isaac brock of modest mouse, via getty images
isaac brock of modest mouse, via getty images

20 Bands Named After Classic Literature

isaac brock of modest mouse, via getty images
isaac brock of modest mouse, via getty images

Sometimes musicians reach for inspiration from their bookshelves. Here are 20 bands named after classic literature.

1. Modest Mouse

Issaquah, Washington's Modest Mouse named their band after a passage from the novel The Mark on the Wall by Virginia Woolf. “I chose the name when I was fifteen," explains lead singer Isaac Brock. "I wanted something that was completely ambiguous, but it’s really candyesque sounding. But it meant something to me. And I could identify with that.”

"I wish I could hit upon a pleasant track of thought, a track indirectly reflecting credit upon myself, for those are the pleasantest thoughts, and very frequent even in the minds of modest, mouse-coloured people, who believe genuinely that they dislike to hear their own praises."

2. Veruca Salt

Alternative rock band Veruca Salt is named after the spoiled rich girl who wins one of the Golden Tickets from Charlie and the Chocolate Factory by Roald Dahl.

3. My Chemical Romance

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Bassist Mikey Way was working at a Barnes & Noble when he was taken with the title Ecstasy: Three Tales of Chemical Romance from Scottish novelist Irvine Welsh. His older brother and co-founder Gerard Way suggested the word "My" at the beginning of the band name.

4. Titus Andronicus

The New Jersey punk band named themselves after the William Shakespeare play Titus Andronicus, one of the playwright's most bloody and violent.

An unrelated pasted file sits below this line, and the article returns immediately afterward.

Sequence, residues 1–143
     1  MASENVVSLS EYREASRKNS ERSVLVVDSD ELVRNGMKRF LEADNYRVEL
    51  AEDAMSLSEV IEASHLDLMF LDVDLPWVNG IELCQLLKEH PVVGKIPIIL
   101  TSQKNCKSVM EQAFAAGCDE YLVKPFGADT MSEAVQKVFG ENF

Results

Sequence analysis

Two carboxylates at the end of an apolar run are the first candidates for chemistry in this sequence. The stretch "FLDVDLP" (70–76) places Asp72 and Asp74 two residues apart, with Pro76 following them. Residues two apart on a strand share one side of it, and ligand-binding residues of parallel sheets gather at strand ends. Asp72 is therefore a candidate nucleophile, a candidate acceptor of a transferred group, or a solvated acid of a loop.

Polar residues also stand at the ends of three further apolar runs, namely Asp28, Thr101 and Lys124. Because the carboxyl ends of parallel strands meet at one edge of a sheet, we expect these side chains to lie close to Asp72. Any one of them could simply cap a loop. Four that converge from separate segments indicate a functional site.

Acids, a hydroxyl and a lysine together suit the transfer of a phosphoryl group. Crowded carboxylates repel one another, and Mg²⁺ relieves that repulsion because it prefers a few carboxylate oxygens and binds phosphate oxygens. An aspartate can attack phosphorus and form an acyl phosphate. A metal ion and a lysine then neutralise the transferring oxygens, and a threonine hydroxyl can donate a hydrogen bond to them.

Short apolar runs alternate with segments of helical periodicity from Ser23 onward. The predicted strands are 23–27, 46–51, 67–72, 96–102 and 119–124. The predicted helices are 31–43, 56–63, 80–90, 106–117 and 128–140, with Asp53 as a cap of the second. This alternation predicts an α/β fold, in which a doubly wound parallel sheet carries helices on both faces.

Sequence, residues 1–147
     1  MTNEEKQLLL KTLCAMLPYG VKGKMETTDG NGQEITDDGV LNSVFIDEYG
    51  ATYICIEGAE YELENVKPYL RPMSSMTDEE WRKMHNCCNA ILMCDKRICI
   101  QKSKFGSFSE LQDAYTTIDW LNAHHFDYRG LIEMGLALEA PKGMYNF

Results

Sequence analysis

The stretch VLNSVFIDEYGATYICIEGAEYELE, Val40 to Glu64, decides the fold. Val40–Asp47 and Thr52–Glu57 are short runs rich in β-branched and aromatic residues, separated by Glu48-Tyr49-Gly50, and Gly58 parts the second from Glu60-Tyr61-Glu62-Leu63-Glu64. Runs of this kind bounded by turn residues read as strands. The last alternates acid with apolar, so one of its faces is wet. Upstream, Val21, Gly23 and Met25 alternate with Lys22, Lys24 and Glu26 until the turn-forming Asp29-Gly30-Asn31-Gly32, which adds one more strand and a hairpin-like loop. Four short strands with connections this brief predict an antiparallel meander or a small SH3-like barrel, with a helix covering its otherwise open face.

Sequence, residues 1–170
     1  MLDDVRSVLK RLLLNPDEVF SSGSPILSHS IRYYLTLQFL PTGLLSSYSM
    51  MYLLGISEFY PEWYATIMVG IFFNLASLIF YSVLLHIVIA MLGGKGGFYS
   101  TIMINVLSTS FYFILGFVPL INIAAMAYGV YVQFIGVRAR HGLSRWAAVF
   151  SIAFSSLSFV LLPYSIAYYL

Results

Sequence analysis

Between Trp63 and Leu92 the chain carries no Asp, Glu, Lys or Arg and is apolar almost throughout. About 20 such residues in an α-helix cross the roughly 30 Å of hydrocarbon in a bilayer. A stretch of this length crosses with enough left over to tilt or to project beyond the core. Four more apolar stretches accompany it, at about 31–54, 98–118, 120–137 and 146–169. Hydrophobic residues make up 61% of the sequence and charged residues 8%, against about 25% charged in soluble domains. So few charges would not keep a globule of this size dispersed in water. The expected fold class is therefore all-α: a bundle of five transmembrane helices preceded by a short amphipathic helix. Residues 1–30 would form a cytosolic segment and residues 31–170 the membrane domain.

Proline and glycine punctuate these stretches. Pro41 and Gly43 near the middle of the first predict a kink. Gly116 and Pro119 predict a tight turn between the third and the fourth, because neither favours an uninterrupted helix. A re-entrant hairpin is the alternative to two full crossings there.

"I have found that when a person wants to be in a band, he or she spends a lot of time accumulating a mental file of words or phrases that would be cool band names. "'Titus Andronicus' was, to my mind, the best one that I’d come across," vocalist/guitarist Patrick Stickles explained to Exclaim.ca. "I wanted our band to straddle that line between the more cerebral, thoughtful elements of the human condition and the part of us that just wants to see blood and brutality."

5. The Doors

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The Doors took their band name from Aldous Huxley's The Doors of Perception, which was itself taken from The Marriage of Heaven and Hell from English poet William Blake:

“If the doors of perception were cleansed every thing would appear to man as it is, Infinite. For man has closed himself up, till he sees all things thro' narrow chinks of his cavern.”

6. Rainer Maria

Co-founders Caithlin De Marrais and Kyle Fischer named their indie rock band after Austrian poet Rainer Maria Rilke. The pair first met at a writing workshop in Madison, Wisconsin.

7. Steppenwolf

The band's original name was The Sparrow, but founder John Kay renamed it Steppenwolf based on a suggestion from record producer Gabriel Mekler, who had just finished reading Hermann Hesse’s novel.

8. Of Mice & Men

California-based Metalcore band Of Mice & Men got their name from John Steinbeck's famous work.